Going online is not the answer for journalism, nor is television


There is such a high level of impact in the art of journalism, the science of physics and the twists and turns within the economy that I often fail to comprehend the news of the world.

It’s like the great philosopher Barney used to say: “That’s deep.”

And now the vehicle that brings us the news of the world is going through such a transition that our old ways of simply reading the news may no longer be viable.

The corporation that brought us The Birmingham News has decided to deliver us an “enhanced newspaper,” a phrase that makes as much sense as the meaning of apps.

An enhanced newspaper?

How can something be a newspaper that only comes out three days a week?

You can’t just print obituaries three times a week.

And news doesn’t seem to be news when it’s not printed on newsprint.

It’s not right when you have to read it on the bright whiteness of being online.

There is nothing permanent about being online. One blink and it’s gone.

The printing press brought us into Western civilization.

Initially, I thought I could make the change. I figured I could read the news online as easily I could read it on newsprint. But I can’t.

It’s like having light bread without any peanut butter.

I am not going to subscribe to an enhanced newspaper. They’re asking us to read three editions a week so they can make a profit from advertisers. There’s nothing wrong with making a profit, but the change from seven editions a week to three is radical. It is simply unacceptable to me.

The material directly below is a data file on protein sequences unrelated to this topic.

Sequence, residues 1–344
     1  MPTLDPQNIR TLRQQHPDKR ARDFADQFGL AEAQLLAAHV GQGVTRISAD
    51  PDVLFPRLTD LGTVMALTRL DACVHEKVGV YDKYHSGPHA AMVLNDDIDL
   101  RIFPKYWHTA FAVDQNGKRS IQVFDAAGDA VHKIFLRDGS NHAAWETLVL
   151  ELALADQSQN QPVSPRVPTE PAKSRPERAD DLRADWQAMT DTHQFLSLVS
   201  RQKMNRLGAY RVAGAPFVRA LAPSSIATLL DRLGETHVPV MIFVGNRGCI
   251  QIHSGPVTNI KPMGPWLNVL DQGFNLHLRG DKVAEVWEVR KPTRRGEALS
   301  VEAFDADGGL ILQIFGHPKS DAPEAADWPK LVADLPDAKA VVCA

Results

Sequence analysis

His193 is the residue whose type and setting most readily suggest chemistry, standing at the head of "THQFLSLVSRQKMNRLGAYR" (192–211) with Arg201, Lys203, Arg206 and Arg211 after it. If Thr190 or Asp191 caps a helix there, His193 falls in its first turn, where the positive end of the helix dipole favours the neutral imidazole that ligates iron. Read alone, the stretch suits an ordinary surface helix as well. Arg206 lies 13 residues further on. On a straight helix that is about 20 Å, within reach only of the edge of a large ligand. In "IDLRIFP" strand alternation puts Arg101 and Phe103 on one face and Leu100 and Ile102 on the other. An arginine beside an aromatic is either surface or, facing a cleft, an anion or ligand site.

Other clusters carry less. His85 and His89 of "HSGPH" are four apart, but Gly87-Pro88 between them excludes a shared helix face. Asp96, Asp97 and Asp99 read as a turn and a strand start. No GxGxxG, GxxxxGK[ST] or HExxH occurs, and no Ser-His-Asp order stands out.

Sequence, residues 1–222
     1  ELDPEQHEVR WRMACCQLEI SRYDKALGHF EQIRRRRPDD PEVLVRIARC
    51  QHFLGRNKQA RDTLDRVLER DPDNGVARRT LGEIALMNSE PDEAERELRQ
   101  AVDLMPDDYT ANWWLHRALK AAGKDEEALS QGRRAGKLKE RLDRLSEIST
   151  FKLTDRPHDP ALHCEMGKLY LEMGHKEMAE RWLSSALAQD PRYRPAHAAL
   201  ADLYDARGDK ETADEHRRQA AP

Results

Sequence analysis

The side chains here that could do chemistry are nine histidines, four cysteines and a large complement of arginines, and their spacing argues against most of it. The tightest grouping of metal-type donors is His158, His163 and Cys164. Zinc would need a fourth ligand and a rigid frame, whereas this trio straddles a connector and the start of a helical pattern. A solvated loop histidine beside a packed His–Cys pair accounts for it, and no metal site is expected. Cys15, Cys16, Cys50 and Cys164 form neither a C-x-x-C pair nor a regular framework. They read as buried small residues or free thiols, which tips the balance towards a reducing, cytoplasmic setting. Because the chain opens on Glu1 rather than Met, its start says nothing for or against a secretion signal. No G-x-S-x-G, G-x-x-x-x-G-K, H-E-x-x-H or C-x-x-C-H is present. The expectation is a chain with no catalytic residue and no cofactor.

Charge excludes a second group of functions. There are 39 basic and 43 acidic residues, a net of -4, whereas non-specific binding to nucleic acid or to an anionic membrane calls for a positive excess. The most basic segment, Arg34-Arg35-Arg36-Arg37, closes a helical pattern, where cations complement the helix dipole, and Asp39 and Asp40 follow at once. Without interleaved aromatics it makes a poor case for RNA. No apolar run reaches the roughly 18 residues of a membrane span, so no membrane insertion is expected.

The Atlanta paper is not our cup of tea. It is so Atlanta.

The Montgomery paper doesn’t know what time it is. Nor does Columbus.

Here is what my wife and I have decided. We are going to take the O-A News because we have no choice. We are going to drop The Birmingham News and take The New York Times.

Supposedly, both The O-A and The Times will be delivered to our news tube every morning.

I have to ask why it is that The Times can be written in New York, printed by satellite in Georgia and delivered to us in a pickup truck, but The Birmingham News can’t figure this out.

If The Times can do this and still make a profit then why can’t The News?

We took The News to keep up with issues on a state level. The News had more reporters covering the capitol in Montgomery than the Montgomery Advertiser.

The old reliable Associated Press will have to keep us posted on the state level via the O-A.

Of course I am being irrational, but when a corporation has the audacity to tell me that I should subscribe to “an enhanced newspaper,” which is the new slogan for The Birmingham News, I become irrational.

So, as of right now, we’re subscribing to the O-A, the NYT and the Opelika Observer for the printed version of the news.

As you might suspect I appreciate the columnists in the Observer.

Incredible changes are taking place, and we don’t know what might happen next in the way of news. If all the advertisers were to flock to the Observer then maybe we could go big time, but that’s not likely.

Television news teams are getting better, but they spend all their time covering local crime, which should be on page four. Television, however, only has a page one; it doesn’t have a page four.

There are those who say that the future of journalism is in television and computers. Maybe so, maybe not. There is a new phrase going around called convergence journalism, and it has to do with the digital way of life. If that is where we are going, so be it.

But I am just so thankful that the good ol’ New York Times is available. It is a monument to the printed word through its dedication to thoroughness in reporting and its thoughtfulness in columns and editorials.

One does not have to go online to read the printed word.

Gillis Morgan is an associate professor emeritus of journalism at Auburn University and an award-winning columnist. He can be reached at morgarg7@aol.com


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